A garden does not have to look lackluster in winter just because some of the plants go dormant. Use these ways to keep a garden full of life in the cold season.
With plants being devastated by drying winds, fluctuating temperatures, and sometimes the lack of insulating snow, gardens in the foothills and plains are often desolate scenes from November through March
Listed here are ways to overcome these forces and to even use aspects of our climate and landscape to compensate for winter bleakness. The best way is to capture the light is with evergreen plants that have reflective leaves such as cranberry cotoneaster (Cotoneaster dammeri) Twigs of coppiced willow and dogwood, when side lit or back lit by low sun rays, can bring luminous color to a stark winter garden.
Fortunately this time of year the air is so dry that stalks and seed heads can last for months, giving some design to the landscape and grasses and herbs add wonderful texture.
You can line pathways and flower beds with rough native stone to add color or tumbled colored glass which we offer for sale.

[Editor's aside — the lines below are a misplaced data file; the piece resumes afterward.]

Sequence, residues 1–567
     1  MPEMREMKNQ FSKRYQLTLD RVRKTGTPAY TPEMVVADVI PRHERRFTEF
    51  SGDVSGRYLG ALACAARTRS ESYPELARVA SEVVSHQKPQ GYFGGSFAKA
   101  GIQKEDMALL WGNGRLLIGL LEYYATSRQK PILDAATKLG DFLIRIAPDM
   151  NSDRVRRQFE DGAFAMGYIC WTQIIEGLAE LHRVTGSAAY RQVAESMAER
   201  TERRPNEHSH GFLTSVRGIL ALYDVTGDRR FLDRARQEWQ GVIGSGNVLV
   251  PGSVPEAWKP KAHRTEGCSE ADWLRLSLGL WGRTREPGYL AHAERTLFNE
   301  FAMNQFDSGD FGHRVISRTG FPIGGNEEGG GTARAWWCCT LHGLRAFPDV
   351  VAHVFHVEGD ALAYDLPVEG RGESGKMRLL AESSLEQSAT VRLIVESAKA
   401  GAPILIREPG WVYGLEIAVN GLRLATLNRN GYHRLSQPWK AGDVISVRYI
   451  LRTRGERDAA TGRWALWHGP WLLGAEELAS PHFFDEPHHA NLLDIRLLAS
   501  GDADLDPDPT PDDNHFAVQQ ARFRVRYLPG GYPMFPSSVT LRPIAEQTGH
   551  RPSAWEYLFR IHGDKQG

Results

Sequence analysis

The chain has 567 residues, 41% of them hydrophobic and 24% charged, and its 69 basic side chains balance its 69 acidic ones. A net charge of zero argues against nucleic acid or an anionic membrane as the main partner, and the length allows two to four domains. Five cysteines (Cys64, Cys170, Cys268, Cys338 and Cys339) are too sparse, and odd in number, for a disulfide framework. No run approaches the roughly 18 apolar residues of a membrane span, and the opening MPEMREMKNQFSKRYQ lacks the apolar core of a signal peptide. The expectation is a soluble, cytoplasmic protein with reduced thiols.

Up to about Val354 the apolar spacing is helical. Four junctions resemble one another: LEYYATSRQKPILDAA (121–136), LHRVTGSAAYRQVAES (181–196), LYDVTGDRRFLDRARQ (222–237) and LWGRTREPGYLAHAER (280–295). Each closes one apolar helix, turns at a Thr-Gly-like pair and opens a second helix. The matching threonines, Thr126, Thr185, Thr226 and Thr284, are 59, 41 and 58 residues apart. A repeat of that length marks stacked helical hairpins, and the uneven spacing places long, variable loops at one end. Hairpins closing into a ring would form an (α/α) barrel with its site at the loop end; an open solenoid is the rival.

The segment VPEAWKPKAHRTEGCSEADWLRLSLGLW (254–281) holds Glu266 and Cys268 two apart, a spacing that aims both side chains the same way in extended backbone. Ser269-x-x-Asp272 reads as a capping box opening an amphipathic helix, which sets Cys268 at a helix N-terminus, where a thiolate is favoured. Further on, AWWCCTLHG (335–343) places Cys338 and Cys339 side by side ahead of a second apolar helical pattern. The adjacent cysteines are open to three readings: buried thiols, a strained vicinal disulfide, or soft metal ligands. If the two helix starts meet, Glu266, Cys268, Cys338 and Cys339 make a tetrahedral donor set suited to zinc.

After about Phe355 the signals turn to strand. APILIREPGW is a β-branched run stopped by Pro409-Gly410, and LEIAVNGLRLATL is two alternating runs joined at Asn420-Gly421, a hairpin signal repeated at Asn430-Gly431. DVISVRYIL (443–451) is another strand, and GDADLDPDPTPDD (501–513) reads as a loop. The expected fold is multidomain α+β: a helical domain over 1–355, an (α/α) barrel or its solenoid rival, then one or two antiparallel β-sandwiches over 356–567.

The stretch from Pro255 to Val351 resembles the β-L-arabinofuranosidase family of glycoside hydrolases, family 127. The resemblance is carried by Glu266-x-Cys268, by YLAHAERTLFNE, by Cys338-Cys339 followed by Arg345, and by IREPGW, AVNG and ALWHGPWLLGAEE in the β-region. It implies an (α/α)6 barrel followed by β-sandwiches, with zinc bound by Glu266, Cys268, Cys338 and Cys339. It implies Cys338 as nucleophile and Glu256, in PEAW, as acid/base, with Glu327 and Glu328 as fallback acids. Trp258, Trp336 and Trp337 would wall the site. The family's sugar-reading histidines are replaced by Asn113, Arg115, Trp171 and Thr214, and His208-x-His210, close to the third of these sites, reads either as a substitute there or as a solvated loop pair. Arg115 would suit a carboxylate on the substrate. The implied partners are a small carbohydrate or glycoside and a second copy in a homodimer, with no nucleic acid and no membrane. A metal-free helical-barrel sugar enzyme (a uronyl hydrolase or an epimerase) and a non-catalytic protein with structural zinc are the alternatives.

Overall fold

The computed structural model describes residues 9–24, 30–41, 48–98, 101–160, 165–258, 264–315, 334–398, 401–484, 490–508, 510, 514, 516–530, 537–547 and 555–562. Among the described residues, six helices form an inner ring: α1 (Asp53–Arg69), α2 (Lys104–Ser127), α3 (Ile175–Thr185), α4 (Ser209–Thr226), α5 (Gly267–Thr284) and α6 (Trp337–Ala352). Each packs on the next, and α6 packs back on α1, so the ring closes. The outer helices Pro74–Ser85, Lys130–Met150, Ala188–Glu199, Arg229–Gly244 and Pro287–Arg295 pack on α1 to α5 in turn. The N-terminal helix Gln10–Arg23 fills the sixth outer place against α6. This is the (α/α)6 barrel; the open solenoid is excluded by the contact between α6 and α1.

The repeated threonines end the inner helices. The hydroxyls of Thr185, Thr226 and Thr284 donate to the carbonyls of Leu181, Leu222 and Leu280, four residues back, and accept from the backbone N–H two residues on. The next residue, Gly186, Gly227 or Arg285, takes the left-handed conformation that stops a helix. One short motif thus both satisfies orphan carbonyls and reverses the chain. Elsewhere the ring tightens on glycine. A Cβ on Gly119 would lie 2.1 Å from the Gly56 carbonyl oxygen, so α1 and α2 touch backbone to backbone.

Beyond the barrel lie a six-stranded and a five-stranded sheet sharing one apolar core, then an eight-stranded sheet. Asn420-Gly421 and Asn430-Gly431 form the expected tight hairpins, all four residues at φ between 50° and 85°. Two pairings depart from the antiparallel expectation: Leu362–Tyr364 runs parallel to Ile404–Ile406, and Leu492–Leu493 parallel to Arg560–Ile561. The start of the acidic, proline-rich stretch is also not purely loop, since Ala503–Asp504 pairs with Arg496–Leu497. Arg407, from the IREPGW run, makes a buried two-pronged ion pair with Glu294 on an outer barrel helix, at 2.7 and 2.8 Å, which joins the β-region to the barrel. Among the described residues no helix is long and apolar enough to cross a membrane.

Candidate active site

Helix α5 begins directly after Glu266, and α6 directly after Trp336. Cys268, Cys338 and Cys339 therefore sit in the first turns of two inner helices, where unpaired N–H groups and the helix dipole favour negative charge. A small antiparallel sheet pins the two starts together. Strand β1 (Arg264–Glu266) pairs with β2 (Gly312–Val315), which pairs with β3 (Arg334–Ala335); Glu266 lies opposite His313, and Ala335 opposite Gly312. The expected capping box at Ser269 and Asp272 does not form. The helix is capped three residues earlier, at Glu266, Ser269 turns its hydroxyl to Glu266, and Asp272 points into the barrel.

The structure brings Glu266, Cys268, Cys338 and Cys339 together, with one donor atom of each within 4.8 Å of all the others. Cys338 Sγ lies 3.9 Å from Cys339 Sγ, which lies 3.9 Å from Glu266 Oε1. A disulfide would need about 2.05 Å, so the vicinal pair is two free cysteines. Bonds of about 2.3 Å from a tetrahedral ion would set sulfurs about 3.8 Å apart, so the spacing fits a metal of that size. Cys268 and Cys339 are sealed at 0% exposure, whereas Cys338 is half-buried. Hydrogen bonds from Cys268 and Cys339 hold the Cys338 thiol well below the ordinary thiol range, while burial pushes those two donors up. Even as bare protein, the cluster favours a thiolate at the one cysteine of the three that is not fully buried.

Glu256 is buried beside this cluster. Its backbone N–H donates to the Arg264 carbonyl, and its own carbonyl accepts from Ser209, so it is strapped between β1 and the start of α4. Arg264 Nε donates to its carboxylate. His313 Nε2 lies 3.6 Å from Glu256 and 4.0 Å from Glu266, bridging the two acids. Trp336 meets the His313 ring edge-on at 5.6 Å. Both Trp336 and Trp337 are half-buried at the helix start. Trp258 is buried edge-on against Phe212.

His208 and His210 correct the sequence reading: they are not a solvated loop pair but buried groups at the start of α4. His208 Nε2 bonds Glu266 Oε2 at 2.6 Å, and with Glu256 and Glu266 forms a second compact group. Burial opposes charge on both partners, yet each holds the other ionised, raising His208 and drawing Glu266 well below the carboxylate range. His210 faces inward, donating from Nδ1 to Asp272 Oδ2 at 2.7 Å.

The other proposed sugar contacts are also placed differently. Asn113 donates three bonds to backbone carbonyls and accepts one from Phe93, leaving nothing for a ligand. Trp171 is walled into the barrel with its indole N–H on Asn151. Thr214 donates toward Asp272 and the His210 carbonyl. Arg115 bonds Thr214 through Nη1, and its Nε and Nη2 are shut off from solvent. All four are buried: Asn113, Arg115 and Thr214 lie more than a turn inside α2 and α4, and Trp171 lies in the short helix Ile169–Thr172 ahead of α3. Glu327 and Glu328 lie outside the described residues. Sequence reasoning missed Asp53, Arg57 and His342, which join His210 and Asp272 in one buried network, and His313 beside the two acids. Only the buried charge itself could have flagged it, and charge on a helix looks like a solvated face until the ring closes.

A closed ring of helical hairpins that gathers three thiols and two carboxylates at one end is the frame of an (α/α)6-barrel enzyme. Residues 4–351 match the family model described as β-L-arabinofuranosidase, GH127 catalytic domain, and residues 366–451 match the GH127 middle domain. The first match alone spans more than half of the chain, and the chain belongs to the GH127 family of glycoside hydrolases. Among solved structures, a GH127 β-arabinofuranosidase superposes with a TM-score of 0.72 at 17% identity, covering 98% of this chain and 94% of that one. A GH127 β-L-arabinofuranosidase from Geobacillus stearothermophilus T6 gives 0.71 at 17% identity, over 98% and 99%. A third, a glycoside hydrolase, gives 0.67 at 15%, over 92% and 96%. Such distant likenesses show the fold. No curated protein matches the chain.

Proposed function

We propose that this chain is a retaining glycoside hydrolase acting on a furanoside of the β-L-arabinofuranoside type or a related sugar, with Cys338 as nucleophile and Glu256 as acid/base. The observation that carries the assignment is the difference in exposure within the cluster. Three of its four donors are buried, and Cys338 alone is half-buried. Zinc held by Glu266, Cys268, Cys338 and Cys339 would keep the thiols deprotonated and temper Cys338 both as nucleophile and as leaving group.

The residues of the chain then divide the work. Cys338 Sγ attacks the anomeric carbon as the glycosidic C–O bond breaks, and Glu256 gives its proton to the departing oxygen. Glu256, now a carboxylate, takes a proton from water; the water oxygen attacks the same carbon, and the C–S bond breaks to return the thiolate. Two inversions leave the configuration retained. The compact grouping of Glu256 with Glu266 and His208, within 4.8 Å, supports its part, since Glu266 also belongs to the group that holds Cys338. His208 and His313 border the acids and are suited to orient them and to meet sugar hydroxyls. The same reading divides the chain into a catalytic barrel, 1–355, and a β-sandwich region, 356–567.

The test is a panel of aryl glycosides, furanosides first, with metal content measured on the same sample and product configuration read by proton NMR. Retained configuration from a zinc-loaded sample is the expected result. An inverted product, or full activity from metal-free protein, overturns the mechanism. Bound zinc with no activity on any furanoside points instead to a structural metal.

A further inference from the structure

One of the best ways to add character to your stark winter yard is to add a bright colored statue or bench. Sitting among the starkness it will really pop and add that extra touch that is so needed this time of year.
Prune judiciously - meaning when trimming back trees and shrubs this time of year use an eye to preventing heavy snow loads on key branches. Make hedges narrow at the top and broad at the base for example
Schedule watering - at the end of the growing season, hold off on water and fertilizer to harden off plants and prevent new growth that will be susceptible to killing temperatures. Water trees monthly and smaller plants twice a month.
Wrap young trees - protect young trees from sun scald by wrapping their trunks for several winters. This helps prevent bark feeding by deer, a huge problem in many gardens.
Protect juniper branches - juniper is very popular in many garden so tie the top branches around the trunk with twine to prevent splitting and spreading from heavy spring snow.